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Audiovisual and sports organisations are “deeply concerned” over EU’s Country of Origin principle

18 entertainment trade organisations issue joint statement

A number of audiovisual and sports organisations have joined forces to issue a statement regarding the EU’s planned TV copyright deal.

The 18 organisations, including the Independent Film & Television Alliance, Spain’s LaLiga, the Premier League, Mediapro and Association of Commercial Television in Europe, said they “take note” of the political agreement reached by the European Institutions on the Online Broadcasting Directive

The statement says they welcome the recognition by the European Parliament and the Council of the importance of territorial exclusivity to the audiovisual sector in Europe and acknowledge their efforts to re-balance the original proposal which threatened their ability to create, finance and produce audiovisual content. 

“With the limitations introduced in the final compromise, the European co-legislators have introduced a once-off exception to territorially exclusive distribution arrangements and the territoriality of copyright,” said the statement. “These principles constitute crucial building blocks for a vibrant and diverse European audiovisual sector by promoting private sector creative and financial risk-taking and entrepreneurship. A strong signal has been sent to the European Commission to refrain from further initiatives which erode territorial exclusivity.”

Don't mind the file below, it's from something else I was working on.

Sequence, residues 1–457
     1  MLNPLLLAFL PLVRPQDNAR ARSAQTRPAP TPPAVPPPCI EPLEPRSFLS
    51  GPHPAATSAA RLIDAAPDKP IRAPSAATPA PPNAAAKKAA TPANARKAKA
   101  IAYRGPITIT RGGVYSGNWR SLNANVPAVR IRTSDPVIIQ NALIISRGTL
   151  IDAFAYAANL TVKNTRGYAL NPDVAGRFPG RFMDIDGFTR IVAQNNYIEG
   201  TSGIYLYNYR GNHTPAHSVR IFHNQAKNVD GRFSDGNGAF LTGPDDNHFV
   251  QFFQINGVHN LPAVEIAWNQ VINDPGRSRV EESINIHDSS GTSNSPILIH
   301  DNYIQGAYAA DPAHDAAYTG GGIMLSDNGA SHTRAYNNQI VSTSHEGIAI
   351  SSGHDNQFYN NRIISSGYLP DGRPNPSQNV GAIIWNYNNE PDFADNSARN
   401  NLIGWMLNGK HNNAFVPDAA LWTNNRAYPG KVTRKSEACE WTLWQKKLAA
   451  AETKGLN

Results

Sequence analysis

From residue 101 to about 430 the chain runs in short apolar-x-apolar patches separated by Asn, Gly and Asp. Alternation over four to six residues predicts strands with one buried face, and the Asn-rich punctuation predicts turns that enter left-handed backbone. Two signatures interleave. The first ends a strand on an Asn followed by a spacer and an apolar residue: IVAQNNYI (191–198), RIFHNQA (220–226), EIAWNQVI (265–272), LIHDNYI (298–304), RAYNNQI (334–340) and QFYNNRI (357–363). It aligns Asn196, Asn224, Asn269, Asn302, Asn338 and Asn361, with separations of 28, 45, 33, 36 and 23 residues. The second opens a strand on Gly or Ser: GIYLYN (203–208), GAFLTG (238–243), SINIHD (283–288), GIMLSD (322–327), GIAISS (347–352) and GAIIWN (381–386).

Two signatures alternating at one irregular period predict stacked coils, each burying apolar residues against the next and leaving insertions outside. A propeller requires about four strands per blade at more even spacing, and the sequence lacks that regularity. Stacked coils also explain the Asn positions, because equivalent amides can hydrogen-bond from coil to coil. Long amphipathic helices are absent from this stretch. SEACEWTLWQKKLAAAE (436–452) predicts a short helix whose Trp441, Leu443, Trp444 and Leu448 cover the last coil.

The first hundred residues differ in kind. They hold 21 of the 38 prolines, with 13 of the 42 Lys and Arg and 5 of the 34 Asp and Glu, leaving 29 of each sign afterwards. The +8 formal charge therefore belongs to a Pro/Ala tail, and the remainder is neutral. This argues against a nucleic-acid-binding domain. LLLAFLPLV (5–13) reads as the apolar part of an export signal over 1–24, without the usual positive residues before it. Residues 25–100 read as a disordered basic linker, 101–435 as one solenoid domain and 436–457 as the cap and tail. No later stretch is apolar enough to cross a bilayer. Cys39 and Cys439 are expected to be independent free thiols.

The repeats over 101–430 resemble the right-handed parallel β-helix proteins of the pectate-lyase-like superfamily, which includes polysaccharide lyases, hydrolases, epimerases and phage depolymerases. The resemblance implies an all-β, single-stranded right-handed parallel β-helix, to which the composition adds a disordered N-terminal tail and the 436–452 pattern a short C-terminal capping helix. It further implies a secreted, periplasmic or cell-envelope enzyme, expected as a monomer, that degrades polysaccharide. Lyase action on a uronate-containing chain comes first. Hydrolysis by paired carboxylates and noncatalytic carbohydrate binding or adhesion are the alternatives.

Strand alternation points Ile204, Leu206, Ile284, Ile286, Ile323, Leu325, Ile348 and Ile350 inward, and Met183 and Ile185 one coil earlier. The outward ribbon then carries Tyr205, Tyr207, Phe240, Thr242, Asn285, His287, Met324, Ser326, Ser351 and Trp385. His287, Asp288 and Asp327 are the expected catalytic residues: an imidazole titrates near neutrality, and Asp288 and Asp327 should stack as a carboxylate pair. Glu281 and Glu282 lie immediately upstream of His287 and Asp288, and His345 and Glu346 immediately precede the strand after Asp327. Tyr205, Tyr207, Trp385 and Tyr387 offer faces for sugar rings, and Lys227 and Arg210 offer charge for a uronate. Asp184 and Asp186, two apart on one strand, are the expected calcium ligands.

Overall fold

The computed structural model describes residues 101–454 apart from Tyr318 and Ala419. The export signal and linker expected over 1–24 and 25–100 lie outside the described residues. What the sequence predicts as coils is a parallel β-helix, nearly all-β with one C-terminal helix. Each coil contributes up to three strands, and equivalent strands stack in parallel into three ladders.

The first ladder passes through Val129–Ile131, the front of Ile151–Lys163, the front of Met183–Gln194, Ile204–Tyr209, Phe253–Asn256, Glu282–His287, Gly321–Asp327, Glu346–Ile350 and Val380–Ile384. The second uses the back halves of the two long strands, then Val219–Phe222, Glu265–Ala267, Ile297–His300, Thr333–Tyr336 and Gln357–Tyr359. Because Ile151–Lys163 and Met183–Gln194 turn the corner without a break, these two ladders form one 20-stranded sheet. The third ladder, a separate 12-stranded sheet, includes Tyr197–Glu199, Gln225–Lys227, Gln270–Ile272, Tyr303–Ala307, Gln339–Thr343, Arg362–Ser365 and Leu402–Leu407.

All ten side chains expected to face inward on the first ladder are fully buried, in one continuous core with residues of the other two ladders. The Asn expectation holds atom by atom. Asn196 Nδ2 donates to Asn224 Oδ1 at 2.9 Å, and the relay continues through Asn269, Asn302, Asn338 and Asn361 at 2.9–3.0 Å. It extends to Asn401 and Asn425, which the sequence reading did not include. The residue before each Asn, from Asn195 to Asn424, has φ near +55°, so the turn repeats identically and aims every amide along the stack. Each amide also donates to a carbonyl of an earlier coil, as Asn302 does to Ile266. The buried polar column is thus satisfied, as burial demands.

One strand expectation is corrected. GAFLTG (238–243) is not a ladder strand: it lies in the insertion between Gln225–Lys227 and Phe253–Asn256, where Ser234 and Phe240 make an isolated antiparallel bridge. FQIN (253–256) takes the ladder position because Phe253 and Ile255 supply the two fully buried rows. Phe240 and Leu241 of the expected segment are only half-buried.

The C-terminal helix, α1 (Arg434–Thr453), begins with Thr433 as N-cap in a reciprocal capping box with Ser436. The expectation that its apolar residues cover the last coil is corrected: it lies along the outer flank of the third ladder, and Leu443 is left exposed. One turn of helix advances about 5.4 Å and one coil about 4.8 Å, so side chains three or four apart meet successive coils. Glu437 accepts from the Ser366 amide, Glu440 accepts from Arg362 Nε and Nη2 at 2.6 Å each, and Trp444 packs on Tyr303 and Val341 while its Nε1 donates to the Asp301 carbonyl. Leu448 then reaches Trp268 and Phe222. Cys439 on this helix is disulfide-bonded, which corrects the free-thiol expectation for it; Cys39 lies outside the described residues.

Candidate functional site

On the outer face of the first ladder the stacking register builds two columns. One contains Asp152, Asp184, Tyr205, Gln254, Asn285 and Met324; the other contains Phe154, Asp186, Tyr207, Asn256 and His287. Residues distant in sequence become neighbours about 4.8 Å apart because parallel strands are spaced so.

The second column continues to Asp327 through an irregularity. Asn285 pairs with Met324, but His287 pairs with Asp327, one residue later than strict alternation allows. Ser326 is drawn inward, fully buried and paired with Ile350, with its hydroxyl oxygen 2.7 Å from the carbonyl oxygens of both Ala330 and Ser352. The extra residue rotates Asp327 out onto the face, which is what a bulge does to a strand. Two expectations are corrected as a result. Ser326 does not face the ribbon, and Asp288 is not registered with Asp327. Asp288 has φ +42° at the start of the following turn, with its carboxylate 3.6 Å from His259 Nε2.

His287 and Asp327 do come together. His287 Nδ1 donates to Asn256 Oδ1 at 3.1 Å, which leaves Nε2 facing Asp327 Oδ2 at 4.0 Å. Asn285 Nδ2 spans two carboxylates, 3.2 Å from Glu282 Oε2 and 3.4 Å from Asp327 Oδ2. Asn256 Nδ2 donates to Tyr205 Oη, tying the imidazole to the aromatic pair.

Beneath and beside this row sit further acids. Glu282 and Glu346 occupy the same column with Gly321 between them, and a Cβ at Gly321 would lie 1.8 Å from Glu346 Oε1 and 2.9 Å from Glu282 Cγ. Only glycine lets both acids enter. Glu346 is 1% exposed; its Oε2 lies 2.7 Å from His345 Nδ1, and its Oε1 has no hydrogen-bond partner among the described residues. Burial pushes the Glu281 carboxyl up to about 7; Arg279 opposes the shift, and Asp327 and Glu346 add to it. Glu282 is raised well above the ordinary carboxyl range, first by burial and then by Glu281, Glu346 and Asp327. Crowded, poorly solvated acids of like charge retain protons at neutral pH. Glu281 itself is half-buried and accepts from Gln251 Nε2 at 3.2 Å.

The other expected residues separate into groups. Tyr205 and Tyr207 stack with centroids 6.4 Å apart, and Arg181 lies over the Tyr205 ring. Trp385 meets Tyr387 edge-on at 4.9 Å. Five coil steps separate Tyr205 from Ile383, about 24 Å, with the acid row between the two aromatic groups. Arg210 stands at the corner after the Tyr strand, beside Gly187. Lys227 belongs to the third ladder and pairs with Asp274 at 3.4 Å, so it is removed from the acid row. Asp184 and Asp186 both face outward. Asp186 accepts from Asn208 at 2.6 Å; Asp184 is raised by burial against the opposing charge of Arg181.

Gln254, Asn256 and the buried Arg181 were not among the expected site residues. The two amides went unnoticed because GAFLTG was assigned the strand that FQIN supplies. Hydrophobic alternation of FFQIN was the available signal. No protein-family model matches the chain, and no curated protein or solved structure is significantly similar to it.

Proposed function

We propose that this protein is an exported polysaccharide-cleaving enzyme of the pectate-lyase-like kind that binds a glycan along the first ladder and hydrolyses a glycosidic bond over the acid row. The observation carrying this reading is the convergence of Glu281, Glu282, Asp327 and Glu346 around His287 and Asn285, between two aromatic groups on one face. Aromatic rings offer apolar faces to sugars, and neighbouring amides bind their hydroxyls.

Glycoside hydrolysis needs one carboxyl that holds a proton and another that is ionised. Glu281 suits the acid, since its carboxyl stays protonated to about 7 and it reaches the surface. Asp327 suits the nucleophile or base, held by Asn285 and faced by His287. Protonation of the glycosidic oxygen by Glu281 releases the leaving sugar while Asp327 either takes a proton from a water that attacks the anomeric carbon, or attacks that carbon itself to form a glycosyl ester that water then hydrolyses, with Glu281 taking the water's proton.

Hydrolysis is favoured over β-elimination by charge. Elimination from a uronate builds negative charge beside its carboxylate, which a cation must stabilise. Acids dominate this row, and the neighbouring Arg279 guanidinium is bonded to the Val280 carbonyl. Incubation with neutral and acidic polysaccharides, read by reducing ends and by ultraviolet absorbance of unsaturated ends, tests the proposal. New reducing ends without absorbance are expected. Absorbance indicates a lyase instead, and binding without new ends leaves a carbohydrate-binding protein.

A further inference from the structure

However, the statement goes on to say that the organisations remain “deeply concerned that even the limited introduction of the Country of Origin principle for the licensing of rights in certain programmes in broadcasters’ ancillary online services in the Online Broadcasting Directive will adversely affect the complex eco-system of our sectors”. 

They warn that this would endanger cultural and linguistic diversity, plurality of content and business models, as well as competitiveness in the future audiovisual landscape in Europe. “We understand the definition of ‘ancillary’ services is still subject to final agreement and urge the European Institutions to define ‘ancillary’ services in the narrowest possible manner,” the statement said.

The statement concludes with the organisations stating that they will “continue to defend the principles of commercial and contractual freedom to agree territorial exclusivity and territoriality of copyright thus safeguarding maximum private sector investment in the development, creation, production and distribution of original EU content”.